In the mid-1960s three month old Evelyn was taken by the authorities and placed in a Catholic children’s home in Victoria. This happened without her 15-year-old mother’s knowledge or consent.
At seven Evelyn was adopted by one of the three foster families she stayed with on weekends and during school holidays. These were families who visited the home with a view to adopting a child, and the visits were seen as a ‘trial run’.
Evelyn has little memory of the children’s home, but feels she may have suffered some form of abuse there. She believes there must be a reason why she was fearful of the nuns.
‘I know that at one particular stage there I remember … staying away from the nuns, which is almost impossible, but there was a reason why I didn’t want to go near them. I didn’t want hugs. I didn’t want cuddles. I got on my back and pushed my way from them, and things like that.’
Evelyn was sexually abused by the foster father at the second of the three families she visited. Although she doesn’t remember details of the abuse she believes that some form of penetration was involved. She has seen some of her old medical records, and there was evidence that her hymen was torn by the age of four.
She remembers that the year this abuse occurred was ‘my difficult year. I think that’s the year my memory is definitely erased. I know people … that were in my world [then] and I have them still in my world today … and they certainly know that things changed … That’s a year that I don’t really remember and I don’t want to remember it and … I don’t want to remember anything’.
Evelyn is unsure if she revealed the abuse to the foster parents who eventually adopted her, but thinks they must have ‘picked it up, because I was just pissing and shitting and crying a lot more than normal’. Although she is unaware of any investigation into the abuse, Evelyn thinks it must have been reported ‘because I never went back’.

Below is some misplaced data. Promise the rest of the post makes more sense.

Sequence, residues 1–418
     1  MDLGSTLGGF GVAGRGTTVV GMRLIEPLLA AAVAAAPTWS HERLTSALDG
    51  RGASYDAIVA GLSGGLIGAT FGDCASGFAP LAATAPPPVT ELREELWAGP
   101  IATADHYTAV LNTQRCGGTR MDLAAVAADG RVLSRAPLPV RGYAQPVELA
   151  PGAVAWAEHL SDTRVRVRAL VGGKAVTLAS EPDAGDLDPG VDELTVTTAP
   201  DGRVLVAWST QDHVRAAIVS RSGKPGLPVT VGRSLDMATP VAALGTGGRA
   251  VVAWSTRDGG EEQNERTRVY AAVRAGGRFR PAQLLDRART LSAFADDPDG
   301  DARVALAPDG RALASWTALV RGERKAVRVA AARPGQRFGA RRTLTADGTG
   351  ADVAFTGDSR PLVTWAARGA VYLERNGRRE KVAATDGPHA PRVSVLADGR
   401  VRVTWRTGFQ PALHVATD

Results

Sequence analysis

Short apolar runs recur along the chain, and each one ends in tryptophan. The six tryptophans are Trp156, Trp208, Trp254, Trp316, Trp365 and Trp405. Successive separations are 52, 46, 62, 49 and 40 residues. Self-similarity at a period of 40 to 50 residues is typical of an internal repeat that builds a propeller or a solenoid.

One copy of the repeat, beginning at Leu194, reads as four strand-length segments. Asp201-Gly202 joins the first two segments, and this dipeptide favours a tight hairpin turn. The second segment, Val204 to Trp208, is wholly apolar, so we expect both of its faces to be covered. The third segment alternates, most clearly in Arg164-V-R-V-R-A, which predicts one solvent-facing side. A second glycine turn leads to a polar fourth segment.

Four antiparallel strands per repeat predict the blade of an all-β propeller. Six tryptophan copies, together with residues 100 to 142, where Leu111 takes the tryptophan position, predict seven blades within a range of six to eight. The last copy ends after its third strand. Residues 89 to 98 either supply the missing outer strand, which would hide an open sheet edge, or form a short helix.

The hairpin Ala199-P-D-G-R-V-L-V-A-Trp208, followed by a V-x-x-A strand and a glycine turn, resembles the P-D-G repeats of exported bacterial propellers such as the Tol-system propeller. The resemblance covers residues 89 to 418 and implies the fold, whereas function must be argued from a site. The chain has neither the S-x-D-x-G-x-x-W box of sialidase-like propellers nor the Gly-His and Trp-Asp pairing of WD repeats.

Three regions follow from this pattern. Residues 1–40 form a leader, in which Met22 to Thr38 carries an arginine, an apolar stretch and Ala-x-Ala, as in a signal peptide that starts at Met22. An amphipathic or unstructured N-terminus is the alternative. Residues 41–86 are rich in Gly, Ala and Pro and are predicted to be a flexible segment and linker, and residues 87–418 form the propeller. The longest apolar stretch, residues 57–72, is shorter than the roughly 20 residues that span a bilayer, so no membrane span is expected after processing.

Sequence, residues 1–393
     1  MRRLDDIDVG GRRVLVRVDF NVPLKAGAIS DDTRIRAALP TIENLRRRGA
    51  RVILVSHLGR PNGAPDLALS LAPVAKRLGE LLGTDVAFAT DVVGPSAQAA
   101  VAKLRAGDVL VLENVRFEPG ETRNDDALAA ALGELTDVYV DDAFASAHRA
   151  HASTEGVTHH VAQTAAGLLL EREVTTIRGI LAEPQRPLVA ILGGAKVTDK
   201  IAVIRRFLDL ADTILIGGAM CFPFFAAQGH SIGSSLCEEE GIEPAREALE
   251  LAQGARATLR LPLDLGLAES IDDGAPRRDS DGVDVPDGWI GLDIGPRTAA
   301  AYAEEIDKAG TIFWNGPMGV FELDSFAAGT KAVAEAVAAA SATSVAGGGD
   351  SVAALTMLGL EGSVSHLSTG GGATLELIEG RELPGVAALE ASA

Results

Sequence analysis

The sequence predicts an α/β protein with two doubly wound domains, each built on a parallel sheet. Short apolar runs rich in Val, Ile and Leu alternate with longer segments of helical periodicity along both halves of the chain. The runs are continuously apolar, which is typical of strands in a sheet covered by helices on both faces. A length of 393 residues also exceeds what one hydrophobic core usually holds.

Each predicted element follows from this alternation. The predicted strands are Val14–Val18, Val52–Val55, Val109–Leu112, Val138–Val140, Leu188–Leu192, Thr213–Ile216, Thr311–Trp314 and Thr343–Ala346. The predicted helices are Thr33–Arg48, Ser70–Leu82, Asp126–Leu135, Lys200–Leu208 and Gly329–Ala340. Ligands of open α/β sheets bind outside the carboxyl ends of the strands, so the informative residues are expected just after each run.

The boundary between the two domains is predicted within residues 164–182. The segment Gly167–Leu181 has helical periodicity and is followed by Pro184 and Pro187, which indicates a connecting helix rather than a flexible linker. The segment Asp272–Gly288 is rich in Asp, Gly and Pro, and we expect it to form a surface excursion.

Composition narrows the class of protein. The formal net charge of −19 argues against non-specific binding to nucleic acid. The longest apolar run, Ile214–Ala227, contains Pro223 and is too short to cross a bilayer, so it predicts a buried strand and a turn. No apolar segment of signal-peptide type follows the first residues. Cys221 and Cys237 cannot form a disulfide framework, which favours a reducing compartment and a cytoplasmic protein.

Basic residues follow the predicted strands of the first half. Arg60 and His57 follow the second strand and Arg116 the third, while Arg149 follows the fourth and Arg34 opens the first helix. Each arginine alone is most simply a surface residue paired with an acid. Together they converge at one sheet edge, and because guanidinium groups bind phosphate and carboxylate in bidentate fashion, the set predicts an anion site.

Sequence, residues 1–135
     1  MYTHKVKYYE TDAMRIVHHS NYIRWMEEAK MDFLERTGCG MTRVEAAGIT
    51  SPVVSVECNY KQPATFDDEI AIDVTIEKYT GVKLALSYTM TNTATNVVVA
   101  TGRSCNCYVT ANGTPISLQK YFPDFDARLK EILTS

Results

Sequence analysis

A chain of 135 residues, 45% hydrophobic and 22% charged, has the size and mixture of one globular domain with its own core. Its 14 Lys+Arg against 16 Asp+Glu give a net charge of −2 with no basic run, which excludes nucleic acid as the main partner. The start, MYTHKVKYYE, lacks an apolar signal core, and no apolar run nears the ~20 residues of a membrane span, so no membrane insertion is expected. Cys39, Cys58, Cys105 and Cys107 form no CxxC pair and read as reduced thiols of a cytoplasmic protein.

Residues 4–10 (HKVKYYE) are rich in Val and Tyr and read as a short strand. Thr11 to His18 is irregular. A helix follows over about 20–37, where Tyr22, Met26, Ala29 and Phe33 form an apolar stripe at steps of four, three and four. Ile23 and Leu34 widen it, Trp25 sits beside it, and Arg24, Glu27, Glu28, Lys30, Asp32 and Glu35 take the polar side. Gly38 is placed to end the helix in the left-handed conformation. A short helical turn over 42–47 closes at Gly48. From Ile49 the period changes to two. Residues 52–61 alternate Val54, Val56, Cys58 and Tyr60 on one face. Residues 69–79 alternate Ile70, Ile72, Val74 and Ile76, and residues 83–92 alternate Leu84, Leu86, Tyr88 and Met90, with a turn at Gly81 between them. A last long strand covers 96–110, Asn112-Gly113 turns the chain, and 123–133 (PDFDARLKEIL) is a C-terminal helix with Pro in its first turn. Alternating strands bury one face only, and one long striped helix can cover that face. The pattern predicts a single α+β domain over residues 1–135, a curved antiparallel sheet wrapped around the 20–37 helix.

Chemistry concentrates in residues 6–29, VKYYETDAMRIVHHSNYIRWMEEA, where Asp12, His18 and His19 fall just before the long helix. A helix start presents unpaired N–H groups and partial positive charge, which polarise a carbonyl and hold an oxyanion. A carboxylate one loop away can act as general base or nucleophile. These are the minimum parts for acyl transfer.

Evelyn started drinking at 15, ‘maybe before. I think it might have been a bit earlier due to the fact that my adopted parents had wine in the cupboard’. She consumes 12 stubbies of beer every night after work, and describes herself as a ‘proper-functioning alcoholic … I just don’t have one drink. I have multiple drinks to put me to sleep … And I do that every night’.
She was kicked out of high school, because she was ‘too naughty. Drinking on the oval, all that sort of stuff’. No one asked if there was a reason for this behaviour.
Drinking, and for a few years, drugs, helped to erase Evelyn’s memories. ‘Yep. Just forgetting everything. Becoming a stronger person because I’m such a sook … when I’ve got a pot of beer in my hand you won’t see this, and I think each pot of beer that I have just makes me harder.’ By coming to the Royal Commission she wants to ‘get to the bottom of all this crap … I wanna give up the grog … that’s what I’m here for … give up the grog if I can’.
At 21, when she first saw her file, ‘I said, “Oh, how cruel’s this prick?” … I thought I’d been done by the worst ever. But now I’ve got older people out there in my world, and they’ve been to the Royal Commission and things like that. I know my story’s nowhere near, so I’ve probably just exaggerated my life to myself when I got my file and thought it was the worst file ever. But to me I guess it still is a little bit … I don’t know. I just get confused’.
Evelyn has only recently started talking about the abuse. ‘I’ve been hiding it. I’ve been on the piss.’ In her early 20s Evelyn discovered that she was Aboriginal.
‘From 23 to 30, 35, I think were my pretty vicious years. I call them vicious years because I was not only turning Aboriginal but my parents were old. I was starting to lose them. I’m turning gay. Wow. What the fuck’s happening here. Had a great … career. I’m pissed off with meself. I’ve wasted that. And I started to get really depressed and started hiding a lot of stuff … Now I don’t want to hide anymore.’
She has now established relationships with a large number of siblings and cousins, and ‘some amazing elders … they’ve taken me under their wings when I first came in’.
When she met her birth mother she began to understand why she was put into care. ‘I understood her journey straight away as soon as I met her. She was a wild, rough one and I just … I couldn’t believe I’d come from this person. I don’t blame her for whatever’s happened to me. She was 15.’
Evelyn told the Commissioner she is hopeful for the future and ‘I feel better coming in here’. She has ‘found my mob … got a great job’ and by coming into the Royal Commission ‘maybe this might make me even a happier person … the next 50 years are going to be pretty cool’.
After her experiences, Evelyn hopes that ‘none of our kids go through this, none of them’, but ‘if we feel one of our kids getting molested, then let’s talk about it. Let’s approach that family. Let’s not be frightened. Because in the end we’re saving someone’.